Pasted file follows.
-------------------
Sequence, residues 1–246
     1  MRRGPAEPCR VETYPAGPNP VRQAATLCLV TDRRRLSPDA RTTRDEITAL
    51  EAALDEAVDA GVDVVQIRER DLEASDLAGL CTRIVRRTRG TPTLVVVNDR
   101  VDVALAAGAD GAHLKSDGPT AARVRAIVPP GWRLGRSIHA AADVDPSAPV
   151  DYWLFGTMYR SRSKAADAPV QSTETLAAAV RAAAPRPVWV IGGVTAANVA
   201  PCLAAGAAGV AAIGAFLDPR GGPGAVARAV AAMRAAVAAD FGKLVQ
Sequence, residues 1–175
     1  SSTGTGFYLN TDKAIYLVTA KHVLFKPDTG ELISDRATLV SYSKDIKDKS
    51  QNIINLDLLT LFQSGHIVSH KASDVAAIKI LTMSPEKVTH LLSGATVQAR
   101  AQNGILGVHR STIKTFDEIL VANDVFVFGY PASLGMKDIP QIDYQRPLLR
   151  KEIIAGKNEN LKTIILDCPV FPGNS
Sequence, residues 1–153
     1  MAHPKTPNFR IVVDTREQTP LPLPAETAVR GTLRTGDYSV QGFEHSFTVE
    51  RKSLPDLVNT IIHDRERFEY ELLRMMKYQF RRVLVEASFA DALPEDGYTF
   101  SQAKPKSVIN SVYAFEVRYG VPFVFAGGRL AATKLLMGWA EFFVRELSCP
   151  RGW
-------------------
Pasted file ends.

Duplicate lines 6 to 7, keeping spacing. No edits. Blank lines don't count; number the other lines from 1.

   201  PCLAAGAAGV AAIGAFLDPR GGPGAVARAV AAMRAAVAAD FGKLVQ
Sequence, residues 1–175